Please read this blog about the Pitfalls of "Entertainment Districts". Deep Ellum would certainly fall into the "naturally occurring" entertainment district category, as any historical reference to the neighborhood will mention it being Dallas' home of jazz and the blues in the 1920s. Long story short, Deep Ellum has been Dallas' watering hole for the better part of a century.
Luckily, Deep Ellum has not become the "overnight" example of entertainment districts, despite talk in the past of building a West Village style development in the heart of the neighborhood. I remember there being a lot of opposition to this project, and rightly so, as single entity ownership limits diversity and flexibility of commercial and residential space.
But opposition to this project empowered another group, which can be called the Circa 92, or the Keep Deep Ellum Empty faction. The general belief is that if it worked in 1992 as an active collection of bars, it'll work today. What is the definition of insanity again?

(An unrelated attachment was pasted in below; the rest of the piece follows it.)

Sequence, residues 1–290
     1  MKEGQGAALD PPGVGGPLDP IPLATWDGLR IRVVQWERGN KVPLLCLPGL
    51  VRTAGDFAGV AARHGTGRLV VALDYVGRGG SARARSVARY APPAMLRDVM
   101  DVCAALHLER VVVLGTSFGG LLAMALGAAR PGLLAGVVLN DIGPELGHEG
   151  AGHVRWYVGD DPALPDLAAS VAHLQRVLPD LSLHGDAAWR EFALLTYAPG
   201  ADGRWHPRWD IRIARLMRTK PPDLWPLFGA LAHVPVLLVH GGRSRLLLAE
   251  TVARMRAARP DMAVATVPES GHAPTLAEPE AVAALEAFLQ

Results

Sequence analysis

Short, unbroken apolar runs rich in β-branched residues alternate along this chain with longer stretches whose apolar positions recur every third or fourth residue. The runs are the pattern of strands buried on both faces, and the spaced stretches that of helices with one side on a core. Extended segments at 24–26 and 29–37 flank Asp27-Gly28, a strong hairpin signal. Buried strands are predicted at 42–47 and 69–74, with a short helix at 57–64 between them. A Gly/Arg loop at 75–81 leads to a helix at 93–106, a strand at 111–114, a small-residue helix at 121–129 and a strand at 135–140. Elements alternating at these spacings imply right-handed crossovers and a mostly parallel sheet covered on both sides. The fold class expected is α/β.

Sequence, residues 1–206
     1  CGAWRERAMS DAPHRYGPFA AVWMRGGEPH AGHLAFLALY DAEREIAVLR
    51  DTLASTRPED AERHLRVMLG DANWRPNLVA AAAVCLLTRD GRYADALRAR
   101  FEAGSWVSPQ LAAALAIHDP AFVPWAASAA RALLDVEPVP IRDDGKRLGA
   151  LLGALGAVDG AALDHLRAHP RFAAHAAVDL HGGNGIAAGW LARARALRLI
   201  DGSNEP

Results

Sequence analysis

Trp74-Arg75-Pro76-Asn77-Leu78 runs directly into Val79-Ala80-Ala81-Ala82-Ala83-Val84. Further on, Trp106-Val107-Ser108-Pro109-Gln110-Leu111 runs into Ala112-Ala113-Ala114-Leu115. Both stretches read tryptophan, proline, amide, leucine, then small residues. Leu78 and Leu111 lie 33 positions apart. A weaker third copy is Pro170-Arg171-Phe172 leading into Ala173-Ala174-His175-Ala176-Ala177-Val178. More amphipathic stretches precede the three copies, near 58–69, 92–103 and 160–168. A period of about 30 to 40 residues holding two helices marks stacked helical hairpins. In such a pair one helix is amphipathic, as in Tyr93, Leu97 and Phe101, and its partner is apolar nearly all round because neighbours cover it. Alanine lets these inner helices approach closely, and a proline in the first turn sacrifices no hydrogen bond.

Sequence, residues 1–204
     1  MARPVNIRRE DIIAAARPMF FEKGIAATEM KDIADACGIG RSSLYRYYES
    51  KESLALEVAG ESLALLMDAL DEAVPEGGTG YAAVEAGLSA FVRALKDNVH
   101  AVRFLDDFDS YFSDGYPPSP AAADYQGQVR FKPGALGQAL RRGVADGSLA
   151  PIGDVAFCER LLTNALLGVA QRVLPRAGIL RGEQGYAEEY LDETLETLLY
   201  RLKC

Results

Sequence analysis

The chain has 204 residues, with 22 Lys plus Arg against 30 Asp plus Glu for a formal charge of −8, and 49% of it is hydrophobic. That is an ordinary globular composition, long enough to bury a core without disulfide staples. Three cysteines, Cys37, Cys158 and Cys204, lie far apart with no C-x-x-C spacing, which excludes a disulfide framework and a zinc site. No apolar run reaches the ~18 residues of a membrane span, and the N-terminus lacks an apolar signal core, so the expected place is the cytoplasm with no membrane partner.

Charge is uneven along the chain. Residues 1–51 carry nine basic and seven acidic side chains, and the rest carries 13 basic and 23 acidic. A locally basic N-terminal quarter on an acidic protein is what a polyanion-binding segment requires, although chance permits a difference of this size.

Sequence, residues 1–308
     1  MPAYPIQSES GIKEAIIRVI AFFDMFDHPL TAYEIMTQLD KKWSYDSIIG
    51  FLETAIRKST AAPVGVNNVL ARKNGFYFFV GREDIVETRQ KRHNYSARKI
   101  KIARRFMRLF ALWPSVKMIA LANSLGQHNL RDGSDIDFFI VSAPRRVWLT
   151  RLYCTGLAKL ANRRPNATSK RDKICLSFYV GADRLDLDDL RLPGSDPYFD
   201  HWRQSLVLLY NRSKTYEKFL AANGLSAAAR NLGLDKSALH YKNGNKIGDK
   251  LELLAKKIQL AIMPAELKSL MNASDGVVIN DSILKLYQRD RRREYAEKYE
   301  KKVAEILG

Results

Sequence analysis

Deep Ellum will never be a relevant neighborhood in Dallas if it's only seen as an entertainment district. Is the goal of the neighborhood is to be the receptacle of Dallas' debauchery? Entertainment districts are notions rooted in suburban development, which necessitates great distances between drink and home.
To revitalize a neighborhood, or to make it like any other thriving community in any city around the world, commerce needs to take place at all hours of the day. Attract people during the day, and Deep Ellum will be a completely different place.